"NextGen TV has garnered remarkable traction in a relatively short time since the first commercial launch in early 2020, proving that watching TV is more than just one of America's favorite pastimes,” said Pearl TV managing director Anne Schelle at CES 2022. “Television is our source for news, entertainment and access to our communities and the broader world. NexTGen TV enhances broadcast TV and is a critical technology to the preservation of free, over-the-air local news."

TV manufacturers shipped more than 3 million ATSC 3.0-capable TVs in 2021, more than three times the original forecast, according to the Consumer Technology Association (CTA). Current projections put 2022 sales at 4.5 million units, as a growing number of TV makers include the technology in their sets. Hisense is the latest manufacturer to incorporate NextGen TV receivers in smart TVs it plans to ship later this year. The Hisense models will join the 70-some models already available from Samsung, Sony, and LG.

A follow-up to the ATSC 1.0 standard that put HDTV on the air almost 25 years ago, ATSC 3.0/NextGen TV makes it possible to broadcast 4K Ultra HD signals with high dynamic range (HDR), enhanced color, and immersive surround sound in addition to delivering on-demand content via the internet.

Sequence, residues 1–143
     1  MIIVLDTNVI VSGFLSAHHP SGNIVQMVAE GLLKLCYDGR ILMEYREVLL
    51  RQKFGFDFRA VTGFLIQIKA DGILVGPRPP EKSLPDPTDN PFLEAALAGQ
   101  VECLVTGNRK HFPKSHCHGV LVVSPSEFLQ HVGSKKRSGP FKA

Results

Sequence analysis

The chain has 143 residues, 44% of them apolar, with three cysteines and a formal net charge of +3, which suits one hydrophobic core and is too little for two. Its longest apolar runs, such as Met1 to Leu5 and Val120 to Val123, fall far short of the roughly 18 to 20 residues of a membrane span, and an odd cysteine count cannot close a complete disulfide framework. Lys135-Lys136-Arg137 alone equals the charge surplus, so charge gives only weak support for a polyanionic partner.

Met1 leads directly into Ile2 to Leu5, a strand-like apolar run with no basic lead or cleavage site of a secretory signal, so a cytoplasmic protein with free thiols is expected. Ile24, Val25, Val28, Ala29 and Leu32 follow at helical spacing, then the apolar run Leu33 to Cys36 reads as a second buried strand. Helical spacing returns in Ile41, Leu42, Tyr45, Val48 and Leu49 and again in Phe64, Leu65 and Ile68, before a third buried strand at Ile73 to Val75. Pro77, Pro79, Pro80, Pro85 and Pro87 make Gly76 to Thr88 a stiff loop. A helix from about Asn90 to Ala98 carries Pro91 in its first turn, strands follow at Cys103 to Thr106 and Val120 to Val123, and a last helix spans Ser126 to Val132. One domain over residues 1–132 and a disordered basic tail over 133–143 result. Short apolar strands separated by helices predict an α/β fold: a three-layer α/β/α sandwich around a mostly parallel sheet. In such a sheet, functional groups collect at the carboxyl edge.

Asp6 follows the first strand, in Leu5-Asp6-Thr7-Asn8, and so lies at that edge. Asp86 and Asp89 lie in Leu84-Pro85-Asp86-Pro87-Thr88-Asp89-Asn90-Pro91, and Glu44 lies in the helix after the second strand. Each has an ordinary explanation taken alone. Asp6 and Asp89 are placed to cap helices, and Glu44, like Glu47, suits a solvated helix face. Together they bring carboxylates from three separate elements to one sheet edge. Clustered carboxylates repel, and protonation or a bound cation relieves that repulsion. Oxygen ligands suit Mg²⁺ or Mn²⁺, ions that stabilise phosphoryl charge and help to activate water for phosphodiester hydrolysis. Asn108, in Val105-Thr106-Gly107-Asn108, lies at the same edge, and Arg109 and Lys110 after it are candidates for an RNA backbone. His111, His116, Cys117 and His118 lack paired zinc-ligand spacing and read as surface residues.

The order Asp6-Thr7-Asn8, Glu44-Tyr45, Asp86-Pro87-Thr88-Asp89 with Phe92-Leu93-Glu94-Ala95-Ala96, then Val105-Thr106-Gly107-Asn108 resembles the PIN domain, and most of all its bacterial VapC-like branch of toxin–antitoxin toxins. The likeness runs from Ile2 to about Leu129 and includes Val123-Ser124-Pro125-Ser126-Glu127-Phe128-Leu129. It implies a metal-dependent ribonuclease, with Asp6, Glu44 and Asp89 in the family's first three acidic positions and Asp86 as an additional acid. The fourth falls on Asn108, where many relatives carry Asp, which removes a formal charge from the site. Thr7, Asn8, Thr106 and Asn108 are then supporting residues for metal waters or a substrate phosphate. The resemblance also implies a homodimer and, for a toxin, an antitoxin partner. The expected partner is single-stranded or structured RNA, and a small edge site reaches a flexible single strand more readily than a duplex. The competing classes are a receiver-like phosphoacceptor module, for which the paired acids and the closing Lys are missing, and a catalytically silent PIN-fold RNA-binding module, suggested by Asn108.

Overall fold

Members of the Pearl TV coalition also applauded the progress Sony is making in testing ATSC 3.0 receiver options for the automobile industry at the "Motown 3.0 Open Test Track" in Detroit. The testing has demonstrated that the ATSC 3.0 platform can provide TV service to both moving vehicles and stationary devices simultaneously.

"Sony's results prove that transformative advances in core TV broadcast technologies made possible by ATSC 3.0 give terrestrial broadcasters new ways to deliver infotainment and IP data services to an infinite number of vehicles — and the displays and devices in them — simultaneously, whether on-the-go or in the garage,” Schelle said.

The coalition also announced that MediaTek has signed a test agreement with Pearl TV to help speed the implementation of the ATSC 3.0 standard among leading television brands through the use of an integrated chip solution.

For more on NextGen TV, click here for our October 2020 interview with Madeleine Noland, president of the Advanced Television Systems Committee.

Cambridge Audio Stokes Vinyl Revival with 2 Turntables

England’s Cambridge Audio is doing its part to keep the vinyl revival going with the CES 2022 unveiling of two new turntables that build on the success of the Alva TT wireless turntable it introduced in 2019.